Hagel cites progress in Turkey talks about Syria
SANTIAGO - The Associated Press
US Defense Secretary Chuck Hagel speaks during a joint press conference with Chile's Defence Minister Jorge Burgos (not in frame) at La Moneda presidential palacen Santiago, on Oct. 11. AFP PhotoU.S. Defense Secretary Chuck Hagel said Oct. 11 the U.S. is making "considerable progress" in its negotiations with Turkey over the plan to train and equip moderate Syrian rebels in their fight against militants of the Islamic State in Iraq and the Levant (ISIL).
A senior U.S. official confirmed that Turkey has agreed to train the Syrian moderates inside Turkey. The official was not authorized to discuss the negotiations publicly and spoke on condition of anonymity.
Hagel said he spoke at length Saturday with the U.S. envoy for the Syria and Iraq mission, retired Gen. John Allen. He said that Allen continues to work to get other international partners, including those in the Middle East, involved in the training program.
Hagel, who is in Santiago for meetings with leaders, also said the U.S. continues to use airstrikes to go after Islamic State militants in the Syrian border town of Kobane. But he said extremists are still threatening the town and are occupying part of the outskirts.
"It's a dangerous situation," he said, adding that the U.S. is doing what it can from the air and, "in fact, there has been some progress made in that area."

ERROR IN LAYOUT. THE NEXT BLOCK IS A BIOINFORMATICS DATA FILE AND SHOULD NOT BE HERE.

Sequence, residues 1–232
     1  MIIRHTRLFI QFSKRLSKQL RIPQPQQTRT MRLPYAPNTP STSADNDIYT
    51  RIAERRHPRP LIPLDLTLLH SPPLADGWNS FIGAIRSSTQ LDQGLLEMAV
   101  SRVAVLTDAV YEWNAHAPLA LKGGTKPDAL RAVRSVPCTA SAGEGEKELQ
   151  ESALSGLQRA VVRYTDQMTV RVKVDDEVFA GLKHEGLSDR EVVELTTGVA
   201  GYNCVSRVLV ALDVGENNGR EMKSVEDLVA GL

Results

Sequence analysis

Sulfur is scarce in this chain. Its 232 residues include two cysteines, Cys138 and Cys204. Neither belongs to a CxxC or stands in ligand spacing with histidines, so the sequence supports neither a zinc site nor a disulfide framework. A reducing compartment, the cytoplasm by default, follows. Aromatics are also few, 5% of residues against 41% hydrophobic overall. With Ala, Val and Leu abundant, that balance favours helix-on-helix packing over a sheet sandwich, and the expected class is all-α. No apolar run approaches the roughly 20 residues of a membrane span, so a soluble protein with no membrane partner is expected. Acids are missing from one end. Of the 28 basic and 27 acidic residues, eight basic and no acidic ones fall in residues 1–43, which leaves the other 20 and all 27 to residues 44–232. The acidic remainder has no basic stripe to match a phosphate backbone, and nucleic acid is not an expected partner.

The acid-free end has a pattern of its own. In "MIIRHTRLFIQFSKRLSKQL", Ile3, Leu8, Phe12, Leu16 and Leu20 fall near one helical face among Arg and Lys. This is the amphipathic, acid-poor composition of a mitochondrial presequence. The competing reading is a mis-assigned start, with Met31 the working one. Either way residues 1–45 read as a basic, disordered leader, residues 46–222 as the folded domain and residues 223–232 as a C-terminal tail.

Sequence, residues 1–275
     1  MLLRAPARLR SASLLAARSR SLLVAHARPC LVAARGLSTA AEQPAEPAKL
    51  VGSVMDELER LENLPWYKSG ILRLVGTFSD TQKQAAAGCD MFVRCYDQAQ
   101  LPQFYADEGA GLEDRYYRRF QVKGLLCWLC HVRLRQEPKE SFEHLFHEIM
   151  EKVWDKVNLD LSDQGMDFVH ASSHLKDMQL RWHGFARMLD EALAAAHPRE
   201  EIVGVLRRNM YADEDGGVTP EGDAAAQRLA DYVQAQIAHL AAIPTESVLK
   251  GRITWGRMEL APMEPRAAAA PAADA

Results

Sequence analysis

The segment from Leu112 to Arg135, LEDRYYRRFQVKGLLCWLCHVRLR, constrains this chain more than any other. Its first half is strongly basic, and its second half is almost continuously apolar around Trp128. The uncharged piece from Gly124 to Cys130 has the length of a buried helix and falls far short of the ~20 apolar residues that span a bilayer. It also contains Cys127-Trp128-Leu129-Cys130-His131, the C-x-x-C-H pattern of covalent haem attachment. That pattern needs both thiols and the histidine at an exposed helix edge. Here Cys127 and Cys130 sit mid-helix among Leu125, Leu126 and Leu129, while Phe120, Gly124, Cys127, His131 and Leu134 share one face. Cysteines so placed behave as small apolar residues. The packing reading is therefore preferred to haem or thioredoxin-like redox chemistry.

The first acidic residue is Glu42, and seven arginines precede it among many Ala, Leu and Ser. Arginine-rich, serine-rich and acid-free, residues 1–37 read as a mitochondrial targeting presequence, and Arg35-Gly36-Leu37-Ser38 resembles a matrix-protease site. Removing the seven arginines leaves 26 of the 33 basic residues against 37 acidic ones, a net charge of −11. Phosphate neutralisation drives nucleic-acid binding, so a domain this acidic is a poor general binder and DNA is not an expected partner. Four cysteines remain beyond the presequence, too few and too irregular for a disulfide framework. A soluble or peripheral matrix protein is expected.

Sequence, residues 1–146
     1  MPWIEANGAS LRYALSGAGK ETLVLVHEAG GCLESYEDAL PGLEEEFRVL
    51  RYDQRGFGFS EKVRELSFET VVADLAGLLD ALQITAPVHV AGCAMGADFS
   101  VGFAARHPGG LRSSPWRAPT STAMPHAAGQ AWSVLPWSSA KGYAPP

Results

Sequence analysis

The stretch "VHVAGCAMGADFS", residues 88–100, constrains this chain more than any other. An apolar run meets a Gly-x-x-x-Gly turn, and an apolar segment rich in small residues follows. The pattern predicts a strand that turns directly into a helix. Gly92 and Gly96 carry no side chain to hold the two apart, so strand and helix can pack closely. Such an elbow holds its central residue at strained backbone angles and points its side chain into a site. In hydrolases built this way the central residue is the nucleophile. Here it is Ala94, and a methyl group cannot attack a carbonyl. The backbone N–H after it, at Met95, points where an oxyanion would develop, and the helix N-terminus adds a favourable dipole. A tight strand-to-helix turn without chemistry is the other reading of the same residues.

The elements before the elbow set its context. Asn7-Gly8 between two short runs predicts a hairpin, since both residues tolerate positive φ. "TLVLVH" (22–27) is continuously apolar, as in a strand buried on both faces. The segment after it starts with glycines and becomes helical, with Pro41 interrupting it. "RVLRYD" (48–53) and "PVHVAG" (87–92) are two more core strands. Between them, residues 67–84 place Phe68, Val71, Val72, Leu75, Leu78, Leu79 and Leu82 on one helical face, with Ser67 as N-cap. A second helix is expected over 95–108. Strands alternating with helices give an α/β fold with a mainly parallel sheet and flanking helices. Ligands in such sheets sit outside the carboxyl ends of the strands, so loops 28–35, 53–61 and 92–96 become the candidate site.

He gave a more upbeat assessment of the security situation in Baghdad. He said Iraqi security forces are "in full control" of the capital and that the U.S. continues to add military support to that region
On Oct. 10, Hagel said the U.S. was hoping Turkey would agree to train and equip moderate Syrian rebels on its own soil. U.S. officials are still discussing details with Turkey. When asked for an update Oct. 11, Hagel said he is waiting for Turkey to make its own announcement.
The U.S. has been urging Turkey to get more involved in the battle against the ISIL who have taken over large swaths of Iraq and Syria and driven refugees into Turkey.
Ankara has hesitated and has persistently asked the U.S. to set up a safe zone along Turkey's border with Syria. Hagel and other U.S. officials have repeatedly said that such a zone is not actively being considered.
A joint team from U.S. Central Command and U.S. European Command will travel to Turkey next week to meet with officials there to discuss the different ways Turkey can contribute to the effort to degrade the ISIL militants.